“The people have spoken.”
That’s the mantra we've heard repeatedly since the passage of Tim Eyman's Initiative 1053. Because it requires a super-majority vote for the state legislature to raise taxes, we’re told we must accept an all-cuts budget—even though Gov. Chris Gregoire herself deemed that approach “immoral.” The people—with respect to taxes‚ at least—are presumed to be as rigid and totemic as Easter Island statues. The people have spoken, and will not be allowed to speak again.
If Tim Eyman didn’t exist, some legislators would need to invent him as a means of avoiding moral decisions. Even concessions that cuts are immoral have faded as political self-congratulation conjures up blooms amidst the all-cuts thorns.
Yet that same learned helplessness has not applied to another issue addressed at the ballot last November: workers’ compensation.
Despite the fact that 60 percent of voters rejected Initiative 1082—a proposal to allow private workers’ compensation insurance—century-old worker protections are under assault.
While the votes were still being counted toward their defeat in every county, I-1082’s proponents began working on “reforms” more objectively harmful than I-1082. The initiative, after all, did not expressly reduce benefits. Worker harms could only be inferred from the practices of private workers’ compensation insurers in other states, along with I-1082’s calculated failure to include such insurance within existing consumer protection laws.
[pullquote]If Tim Eyman didn’t exist, some legislators would need to invent him as a means of avoiding moral decisions. Even concessions that cuts are immoral have faded as political self-congratulation conjures up blooms amidst the all-cuts thorns.[/pullquote]
In contrast, we know the “compromise-and-release” workers’ compensation scheme now promoted by the I-1082 crowd would reduce benefits for injured workers—by more than $1 billion—based upon the assumption that injured workers, under the economic duress so many of us are feeling, will “sell” disability claims for cash settlements.
It’s a sad sign of the times that some define success by the scale of retreat from previous accomplishments.
By substituting for a tort system, workers compensation is designed to be what it’s called: industrial insurance. “Insurance” is designed to make people whole for injuries —no better, no worse. That aim is subverted if workers, short of being well, cash out injury claims. Where, then, is the incentive to return to productivity? What happens when the cash runs out and yet health care needs remain?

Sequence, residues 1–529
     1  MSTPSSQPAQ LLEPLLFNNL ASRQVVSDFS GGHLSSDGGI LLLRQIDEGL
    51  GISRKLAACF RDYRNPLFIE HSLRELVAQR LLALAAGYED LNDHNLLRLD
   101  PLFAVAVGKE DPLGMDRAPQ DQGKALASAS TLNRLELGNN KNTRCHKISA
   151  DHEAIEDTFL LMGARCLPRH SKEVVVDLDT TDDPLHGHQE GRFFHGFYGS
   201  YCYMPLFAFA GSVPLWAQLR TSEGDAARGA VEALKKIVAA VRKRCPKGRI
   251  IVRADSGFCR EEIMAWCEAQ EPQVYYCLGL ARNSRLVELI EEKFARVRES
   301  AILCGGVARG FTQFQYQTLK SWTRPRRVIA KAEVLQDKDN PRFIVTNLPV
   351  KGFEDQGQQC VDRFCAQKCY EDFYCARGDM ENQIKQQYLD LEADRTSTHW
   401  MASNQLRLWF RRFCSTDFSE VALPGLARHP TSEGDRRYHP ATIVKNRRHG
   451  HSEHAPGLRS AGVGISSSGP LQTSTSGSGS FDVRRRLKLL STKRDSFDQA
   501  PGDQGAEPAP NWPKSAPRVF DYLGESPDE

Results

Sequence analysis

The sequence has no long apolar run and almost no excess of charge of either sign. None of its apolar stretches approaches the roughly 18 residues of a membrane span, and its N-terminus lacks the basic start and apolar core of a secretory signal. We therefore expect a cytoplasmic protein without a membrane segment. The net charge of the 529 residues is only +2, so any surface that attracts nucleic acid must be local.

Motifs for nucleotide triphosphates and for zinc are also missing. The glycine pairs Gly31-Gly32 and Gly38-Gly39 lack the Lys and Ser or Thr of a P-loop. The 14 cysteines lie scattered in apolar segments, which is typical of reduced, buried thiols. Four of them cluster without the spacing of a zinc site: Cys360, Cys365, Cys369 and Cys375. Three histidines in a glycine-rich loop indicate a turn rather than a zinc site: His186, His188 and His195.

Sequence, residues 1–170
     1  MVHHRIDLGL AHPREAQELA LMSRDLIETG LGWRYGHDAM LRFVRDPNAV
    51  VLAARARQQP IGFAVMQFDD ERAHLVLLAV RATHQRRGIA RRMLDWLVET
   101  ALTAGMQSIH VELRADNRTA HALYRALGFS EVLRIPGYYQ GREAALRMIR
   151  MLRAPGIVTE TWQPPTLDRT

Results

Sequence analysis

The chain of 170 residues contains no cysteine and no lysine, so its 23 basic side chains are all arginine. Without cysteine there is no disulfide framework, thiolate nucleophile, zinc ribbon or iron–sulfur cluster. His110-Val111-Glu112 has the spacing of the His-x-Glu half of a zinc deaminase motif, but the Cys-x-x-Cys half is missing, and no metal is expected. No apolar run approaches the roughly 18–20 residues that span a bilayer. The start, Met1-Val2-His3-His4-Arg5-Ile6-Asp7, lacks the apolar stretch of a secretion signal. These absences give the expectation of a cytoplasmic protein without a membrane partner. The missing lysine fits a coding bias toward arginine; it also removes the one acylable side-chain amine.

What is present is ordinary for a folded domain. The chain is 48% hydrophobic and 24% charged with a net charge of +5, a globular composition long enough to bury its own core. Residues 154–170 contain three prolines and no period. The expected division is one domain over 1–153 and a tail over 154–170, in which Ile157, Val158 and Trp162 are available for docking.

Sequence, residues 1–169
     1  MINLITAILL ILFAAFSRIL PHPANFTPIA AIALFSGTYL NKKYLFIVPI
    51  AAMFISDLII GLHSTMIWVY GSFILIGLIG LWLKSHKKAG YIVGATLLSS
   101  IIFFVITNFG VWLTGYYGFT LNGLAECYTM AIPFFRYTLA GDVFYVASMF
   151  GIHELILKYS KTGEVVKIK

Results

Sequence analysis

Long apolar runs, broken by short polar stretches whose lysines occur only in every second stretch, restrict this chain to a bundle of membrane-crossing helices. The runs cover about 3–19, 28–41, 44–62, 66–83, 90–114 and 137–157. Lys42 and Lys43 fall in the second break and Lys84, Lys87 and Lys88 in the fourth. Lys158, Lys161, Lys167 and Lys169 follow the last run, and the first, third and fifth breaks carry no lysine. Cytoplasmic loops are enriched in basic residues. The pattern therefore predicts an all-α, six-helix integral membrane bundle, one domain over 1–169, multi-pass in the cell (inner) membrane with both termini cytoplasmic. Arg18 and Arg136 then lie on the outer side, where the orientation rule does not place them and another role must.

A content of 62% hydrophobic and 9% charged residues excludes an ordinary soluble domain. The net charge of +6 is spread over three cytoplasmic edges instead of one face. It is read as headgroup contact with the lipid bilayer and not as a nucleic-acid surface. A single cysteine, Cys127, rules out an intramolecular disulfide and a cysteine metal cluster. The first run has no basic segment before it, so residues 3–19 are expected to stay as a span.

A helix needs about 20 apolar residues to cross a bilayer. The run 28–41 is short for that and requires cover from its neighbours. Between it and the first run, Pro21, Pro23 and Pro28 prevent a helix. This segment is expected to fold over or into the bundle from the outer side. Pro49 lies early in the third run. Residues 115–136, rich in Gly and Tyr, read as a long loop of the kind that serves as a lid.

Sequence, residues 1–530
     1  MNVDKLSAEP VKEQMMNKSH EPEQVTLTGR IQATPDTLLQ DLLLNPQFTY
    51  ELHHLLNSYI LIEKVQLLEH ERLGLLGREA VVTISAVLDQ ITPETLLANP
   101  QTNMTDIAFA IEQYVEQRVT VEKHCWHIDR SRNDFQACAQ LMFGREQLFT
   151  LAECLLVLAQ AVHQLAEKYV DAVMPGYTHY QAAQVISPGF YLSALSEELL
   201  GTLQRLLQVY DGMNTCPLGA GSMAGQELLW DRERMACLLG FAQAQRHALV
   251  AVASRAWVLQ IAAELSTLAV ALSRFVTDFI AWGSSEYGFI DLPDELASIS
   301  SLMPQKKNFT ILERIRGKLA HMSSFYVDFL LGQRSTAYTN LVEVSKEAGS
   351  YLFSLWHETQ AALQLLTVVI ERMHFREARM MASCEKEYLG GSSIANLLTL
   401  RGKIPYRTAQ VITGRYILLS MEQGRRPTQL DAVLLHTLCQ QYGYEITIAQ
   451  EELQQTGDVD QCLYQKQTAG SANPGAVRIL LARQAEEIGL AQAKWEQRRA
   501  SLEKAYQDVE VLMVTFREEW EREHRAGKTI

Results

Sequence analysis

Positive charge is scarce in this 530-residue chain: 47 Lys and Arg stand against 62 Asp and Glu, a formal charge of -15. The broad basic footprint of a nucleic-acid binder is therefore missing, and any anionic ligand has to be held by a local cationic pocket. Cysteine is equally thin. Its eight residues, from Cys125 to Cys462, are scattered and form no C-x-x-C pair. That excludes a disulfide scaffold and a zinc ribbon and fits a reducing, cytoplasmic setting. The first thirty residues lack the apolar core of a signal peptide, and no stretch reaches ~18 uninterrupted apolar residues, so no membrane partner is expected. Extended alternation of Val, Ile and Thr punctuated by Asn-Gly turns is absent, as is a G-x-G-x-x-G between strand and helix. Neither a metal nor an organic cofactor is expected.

This session legislators enacted a reform—supported by business and labor alike—that would save the workers’ compensation system $218 million over four years by returning injured workers to work more quickly. They’re pursuing other commonsense ideas.
Yet this significant work is being entirely ignored.
In effect, a “spoilsport” workers’ compensation smokescreen has obscured the extraordinary human suffering being inflicted by budget decisions. Instead of an exclusive focus on kids’ educations being shortchanged and our most vulnerable receiving deadly care cuts, we see a rehashing of voter-rejected arguments.
Business interests have trotted out a public pension-drawing former state agency director to tout this latest purported salvation of our workers’ compensation system while the irony of the fact that he touted I-1082 as the previously offered salvation goes unmentioned.
I fully expect that during the coming special session we will hear more about how an economic crisis created by Wall Street should be used to further roll over the hapless workers who have already been punished so severely, by Democrats and Republicans alike, for the sins of the unpunished. Game plan: (A) Create a crisis; (B) blame the working class; and (C) watch your stocks soar.
This debate is part of a continuum where people are only listened to if they say something conservative. Despite the reverence for I-1053, initiatives that won by far greater margins are again being suspended—including those reducing class sizes and requiring long-term care quality. The 60 percent rejection of I-1082 should have been an exclamation point—instead it’s treated as an ellipsis by those whose hearing is convenient.